Guyanese workforce, suppliers increasing as first oil approaches

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With close to 30 billion dollars spent in Guyana on the procurement of goods and services since 2015, ExxonMobil says it has a tripartite approach to local content and sees its application as one that benefits both the company and South American country.

The company says local content development is integral to its operations in the new oil and gas hotspot where it has made a record 14 discoveries in four years, amounting to more than 6 billion barrels of oil equivalent.

“When we look at local content, we look at three different areas; workforce development, supplier development and we look at strategic investments in capacity building activities,” says Deedra Moe, ExxonMobil Guyana Senior Director, Public and Government Affairs.

In the area of workforce development, an increasing number of Guyanese – more than 1300 – are now involved in the project, which represents almost 50 percent of the company’s workforce going into the first phase of oil production, now just months away.

“When you look at supplier development, we have been working with almost 500 suppliers and vendors from engineering to food stuff and we have spent over 10 billion just through the first part of this year with those vendors,” she pointed out.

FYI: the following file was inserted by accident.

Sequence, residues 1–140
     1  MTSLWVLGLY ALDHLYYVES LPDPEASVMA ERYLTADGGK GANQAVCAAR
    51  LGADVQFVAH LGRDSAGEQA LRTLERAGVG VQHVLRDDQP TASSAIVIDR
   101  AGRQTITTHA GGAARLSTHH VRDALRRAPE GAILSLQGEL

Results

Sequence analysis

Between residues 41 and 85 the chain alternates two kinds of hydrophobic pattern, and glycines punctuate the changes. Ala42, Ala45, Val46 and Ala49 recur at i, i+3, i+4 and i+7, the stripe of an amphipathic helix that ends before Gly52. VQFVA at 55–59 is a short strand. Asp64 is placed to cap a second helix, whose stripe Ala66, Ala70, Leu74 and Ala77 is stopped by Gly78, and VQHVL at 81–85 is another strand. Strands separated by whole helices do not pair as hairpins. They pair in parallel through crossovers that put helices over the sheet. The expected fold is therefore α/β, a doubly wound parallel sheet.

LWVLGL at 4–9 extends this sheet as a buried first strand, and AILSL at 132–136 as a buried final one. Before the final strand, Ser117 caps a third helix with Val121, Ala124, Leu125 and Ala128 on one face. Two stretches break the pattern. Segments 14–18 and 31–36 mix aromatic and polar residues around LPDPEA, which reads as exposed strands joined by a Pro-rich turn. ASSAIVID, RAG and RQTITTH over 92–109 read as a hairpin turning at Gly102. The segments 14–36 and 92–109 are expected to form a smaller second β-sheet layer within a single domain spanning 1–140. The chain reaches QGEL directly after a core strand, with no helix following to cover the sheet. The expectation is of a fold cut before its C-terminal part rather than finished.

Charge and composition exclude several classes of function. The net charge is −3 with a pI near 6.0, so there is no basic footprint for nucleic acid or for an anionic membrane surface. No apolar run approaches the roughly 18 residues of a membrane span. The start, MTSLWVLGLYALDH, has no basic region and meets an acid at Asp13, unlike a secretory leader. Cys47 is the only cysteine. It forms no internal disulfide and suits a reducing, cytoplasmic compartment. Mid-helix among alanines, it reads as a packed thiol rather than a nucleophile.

Moe said the company is on track to double what it spent in 2018. “It’s exciting to see that continued growth and we expect that continued growth. Over the years where we have been involved in different countries, that’s been the trend. You expect it to grow year on year as more opportunities become available to vendors and also as more capacity is built in-country.”

So far this year, Guyanese have been exposed to more than 121,000 hours of training, including in the United States, Singapore, Canada and Brazil.

Some of those trained in Singapore are now part of the team working on the Liza Destiny FPSO which will begin producing oil for the country within months.

The company has also forged partnerships with key institutions in the country such as the University of Guyana and Iwokrama International Centre for Rainforest Conservation and Development, where it supports ongoing programmes and new initiatives.

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